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In Cluttered Chaos of Berlin’s Shanty Squatter Town, Distilling Art from Anarchy

  • Why it matters

    Why it matters

    • In the midst of a rapidly gentrifying Berlin, a shanty town of sorts has established itself in Kreuzberg. While some residents choose not to conform to mainstream society and live there by choice, many others are poor refugees and homeless people.
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  • Facts

    Facts

    • The Cuvrybrache is a collection of huts and tents on a wide open space next to the River Spree in Kreuzberg.
    • The land is owned by a Munich investor who wants to build apartments there.
    • A theater group is performing a moving play there on Saturday.
  • Audio

    Audio

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Dominique Wolf
Theater director Dominique Wolf who is putting on a performance in the Cuvrybrache. Source: Doris Spiekermann-Klass, Tagesspiegel.

 

A collection of huts and tents on some wasteland by the River Spree has become Berlin’s own favela.

The Cuvrybrache, or Cuvry Wasteland, has grown up over the last two years on an area the size of a soccer pitch and is home to around a hundred people. Its residents are a mix of refugees, Eastern European migrants, including many Roma and Sinti families, homeless people and non-conformists seeking an alternative lifestyle.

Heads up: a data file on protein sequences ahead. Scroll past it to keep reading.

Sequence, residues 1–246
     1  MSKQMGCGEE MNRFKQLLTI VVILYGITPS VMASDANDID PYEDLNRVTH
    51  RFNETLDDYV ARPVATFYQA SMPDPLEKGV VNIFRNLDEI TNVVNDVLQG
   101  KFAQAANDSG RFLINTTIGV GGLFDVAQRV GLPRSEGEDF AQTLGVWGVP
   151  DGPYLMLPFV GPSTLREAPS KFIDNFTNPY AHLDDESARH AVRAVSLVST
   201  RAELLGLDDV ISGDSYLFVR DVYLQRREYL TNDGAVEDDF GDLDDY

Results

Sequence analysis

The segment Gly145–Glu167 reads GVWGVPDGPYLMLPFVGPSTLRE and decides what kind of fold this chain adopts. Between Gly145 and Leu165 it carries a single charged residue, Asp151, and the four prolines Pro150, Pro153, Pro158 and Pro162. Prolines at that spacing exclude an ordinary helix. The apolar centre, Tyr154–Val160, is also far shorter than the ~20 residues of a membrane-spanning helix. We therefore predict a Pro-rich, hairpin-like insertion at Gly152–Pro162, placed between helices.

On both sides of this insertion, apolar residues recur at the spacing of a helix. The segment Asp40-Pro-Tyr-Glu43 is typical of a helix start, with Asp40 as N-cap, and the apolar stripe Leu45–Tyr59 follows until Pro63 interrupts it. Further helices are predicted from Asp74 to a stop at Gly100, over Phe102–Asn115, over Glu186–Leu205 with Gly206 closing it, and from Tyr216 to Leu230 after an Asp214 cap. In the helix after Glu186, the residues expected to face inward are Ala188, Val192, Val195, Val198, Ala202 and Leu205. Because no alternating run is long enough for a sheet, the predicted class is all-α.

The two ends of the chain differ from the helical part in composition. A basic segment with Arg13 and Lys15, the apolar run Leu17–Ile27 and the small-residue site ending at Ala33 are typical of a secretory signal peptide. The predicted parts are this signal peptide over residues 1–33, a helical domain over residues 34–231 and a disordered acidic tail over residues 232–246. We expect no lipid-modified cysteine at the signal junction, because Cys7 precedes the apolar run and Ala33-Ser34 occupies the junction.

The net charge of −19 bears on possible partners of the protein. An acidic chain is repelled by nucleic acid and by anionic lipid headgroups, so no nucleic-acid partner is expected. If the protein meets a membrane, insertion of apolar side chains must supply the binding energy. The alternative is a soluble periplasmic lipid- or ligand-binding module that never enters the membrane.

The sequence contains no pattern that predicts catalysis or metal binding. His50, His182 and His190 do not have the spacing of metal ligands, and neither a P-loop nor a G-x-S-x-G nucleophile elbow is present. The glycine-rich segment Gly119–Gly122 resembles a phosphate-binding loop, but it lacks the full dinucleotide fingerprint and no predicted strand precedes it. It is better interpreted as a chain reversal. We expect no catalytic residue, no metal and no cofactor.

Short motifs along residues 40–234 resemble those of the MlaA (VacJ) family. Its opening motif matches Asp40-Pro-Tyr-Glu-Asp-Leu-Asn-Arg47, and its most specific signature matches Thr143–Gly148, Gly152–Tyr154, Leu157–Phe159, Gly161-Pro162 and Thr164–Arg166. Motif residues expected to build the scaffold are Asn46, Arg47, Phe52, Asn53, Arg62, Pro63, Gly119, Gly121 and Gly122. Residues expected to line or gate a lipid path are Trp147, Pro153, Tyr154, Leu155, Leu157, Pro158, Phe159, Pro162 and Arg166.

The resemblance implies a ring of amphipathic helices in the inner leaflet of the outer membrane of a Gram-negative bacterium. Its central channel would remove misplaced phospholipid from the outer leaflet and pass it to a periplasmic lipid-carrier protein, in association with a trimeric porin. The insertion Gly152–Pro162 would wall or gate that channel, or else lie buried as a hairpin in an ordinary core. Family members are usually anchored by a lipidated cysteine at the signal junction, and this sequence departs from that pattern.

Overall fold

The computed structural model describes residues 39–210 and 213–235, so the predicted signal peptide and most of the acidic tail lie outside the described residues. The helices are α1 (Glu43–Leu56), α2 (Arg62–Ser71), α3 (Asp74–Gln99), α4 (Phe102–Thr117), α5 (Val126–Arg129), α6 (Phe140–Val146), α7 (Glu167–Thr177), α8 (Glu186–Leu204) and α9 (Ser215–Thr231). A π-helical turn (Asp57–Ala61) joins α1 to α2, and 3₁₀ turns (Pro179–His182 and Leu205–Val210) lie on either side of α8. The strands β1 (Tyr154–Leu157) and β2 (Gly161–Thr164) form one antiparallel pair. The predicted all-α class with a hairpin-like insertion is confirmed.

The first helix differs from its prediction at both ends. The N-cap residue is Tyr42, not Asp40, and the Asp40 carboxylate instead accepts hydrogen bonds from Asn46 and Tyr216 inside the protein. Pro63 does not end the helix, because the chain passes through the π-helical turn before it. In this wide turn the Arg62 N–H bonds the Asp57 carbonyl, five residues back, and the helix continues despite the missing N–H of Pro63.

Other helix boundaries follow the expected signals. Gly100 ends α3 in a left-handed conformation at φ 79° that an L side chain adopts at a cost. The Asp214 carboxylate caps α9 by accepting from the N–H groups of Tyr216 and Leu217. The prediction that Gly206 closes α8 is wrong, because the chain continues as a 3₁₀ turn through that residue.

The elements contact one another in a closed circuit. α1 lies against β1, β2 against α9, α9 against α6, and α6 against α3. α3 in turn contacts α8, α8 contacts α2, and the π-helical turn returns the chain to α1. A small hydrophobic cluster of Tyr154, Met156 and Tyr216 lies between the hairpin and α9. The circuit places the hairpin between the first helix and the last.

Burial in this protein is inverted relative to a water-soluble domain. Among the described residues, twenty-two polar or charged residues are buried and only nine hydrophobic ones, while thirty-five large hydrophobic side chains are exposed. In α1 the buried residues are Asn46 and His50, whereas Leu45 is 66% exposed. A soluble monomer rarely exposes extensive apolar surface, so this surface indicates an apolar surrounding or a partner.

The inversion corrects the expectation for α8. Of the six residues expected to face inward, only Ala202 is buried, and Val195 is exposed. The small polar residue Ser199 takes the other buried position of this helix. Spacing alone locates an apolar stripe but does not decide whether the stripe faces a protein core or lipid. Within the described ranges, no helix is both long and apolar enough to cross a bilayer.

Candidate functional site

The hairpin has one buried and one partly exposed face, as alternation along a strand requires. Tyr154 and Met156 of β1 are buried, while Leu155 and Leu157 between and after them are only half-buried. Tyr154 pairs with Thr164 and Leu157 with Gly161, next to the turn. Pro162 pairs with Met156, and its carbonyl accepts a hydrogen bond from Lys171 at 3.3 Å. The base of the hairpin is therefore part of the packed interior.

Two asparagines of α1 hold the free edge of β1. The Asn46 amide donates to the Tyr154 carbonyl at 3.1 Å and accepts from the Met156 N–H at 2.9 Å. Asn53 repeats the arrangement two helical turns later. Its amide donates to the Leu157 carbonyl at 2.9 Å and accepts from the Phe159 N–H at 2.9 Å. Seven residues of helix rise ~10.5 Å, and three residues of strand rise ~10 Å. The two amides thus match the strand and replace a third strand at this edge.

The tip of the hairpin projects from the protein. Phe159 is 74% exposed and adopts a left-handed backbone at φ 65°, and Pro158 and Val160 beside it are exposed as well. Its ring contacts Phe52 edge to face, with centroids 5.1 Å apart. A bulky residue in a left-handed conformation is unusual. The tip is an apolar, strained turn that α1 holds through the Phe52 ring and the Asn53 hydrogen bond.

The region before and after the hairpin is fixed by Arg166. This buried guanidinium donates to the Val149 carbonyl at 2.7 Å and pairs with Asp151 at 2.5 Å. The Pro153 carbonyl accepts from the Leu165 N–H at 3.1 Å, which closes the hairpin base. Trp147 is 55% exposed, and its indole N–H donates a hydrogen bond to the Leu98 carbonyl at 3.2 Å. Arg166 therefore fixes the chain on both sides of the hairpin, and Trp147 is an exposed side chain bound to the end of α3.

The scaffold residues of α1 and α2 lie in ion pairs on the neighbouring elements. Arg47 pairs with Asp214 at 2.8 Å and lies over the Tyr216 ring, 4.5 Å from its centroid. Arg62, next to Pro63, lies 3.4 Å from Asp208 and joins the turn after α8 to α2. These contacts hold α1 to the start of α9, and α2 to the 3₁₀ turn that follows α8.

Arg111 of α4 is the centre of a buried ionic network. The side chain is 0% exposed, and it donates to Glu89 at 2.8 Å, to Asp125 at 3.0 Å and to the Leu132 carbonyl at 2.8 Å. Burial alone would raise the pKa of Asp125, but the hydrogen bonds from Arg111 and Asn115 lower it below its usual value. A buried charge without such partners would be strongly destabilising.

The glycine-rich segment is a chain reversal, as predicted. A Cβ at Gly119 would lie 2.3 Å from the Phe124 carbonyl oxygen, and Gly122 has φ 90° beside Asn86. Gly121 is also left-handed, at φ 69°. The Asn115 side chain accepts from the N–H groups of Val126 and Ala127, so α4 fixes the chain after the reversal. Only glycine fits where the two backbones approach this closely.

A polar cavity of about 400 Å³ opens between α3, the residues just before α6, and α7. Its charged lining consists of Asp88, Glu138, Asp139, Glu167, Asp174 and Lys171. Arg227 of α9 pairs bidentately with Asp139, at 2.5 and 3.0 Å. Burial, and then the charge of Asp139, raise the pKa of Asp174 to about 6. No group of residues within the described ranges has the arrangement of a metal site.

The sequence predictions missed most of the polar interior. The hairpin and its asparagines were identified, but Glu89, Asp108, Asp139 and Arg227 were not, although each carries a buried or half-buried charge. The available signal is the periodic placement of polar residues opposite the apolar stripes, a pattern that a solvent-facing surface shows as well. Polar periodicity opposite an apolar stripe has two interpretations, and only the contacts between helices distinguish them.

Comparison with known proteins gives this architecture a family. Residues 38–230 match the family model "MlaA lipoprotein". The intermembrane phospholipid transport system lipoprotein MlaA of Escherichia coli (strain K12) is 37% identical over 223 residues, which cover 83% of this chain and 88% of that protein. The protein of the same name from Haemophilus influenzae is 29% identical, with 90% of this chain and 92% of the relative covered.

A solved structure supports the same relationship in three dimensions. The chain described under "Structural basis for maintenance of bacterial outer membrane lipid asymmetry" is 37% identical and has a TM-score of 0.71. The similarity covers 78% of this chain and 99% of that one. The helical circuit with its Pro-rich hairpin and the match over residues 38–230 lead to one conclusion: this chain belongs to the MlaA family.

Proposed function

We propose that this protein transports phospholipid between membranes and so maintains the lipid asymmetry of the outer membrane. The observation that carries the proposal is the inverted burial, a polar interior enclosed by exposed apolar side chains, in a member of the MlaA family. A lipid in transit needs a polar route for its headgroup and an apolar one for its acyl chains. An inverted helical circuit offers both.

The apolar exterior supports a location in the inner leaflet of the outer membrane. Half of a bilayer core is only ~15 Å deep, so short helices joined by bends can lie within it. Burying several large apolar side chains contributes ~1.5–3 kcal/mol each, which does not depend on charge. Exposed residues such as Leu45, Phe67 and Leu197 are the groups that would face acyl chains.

This Saturday a theater group will perform a play that moves about the space and explores life in one of Berlin’s least conformist communities.

The shanty town is in the heart of Kreuzberg, a traditionally counter-culture part of the former West Berlin, once home to left-wing squatters and punks. In recent years rents have risen sharply in the area and it has morphed into a major party and tourist destination with clubs, hostels and bars lining the streets.

The Cuvrybrache has divided opinion in Berlin. Some see it as an anarchic place lacking in sanitation or infrastructure, rife with drugs and violence. Others are more positive, regarding it as one of the few free spaces left in a city that is rapidly becoming less alternative and more gentrified.

The land is owned by Munich-based investor Artur Süsskind, who wants to build apartments on the spot right next to the river. He says he wants to build 250 apartments, 10 percent of which should be affordable housing. Since it is private property, the local district government says it is not responsible for sanitation or waste removal there.

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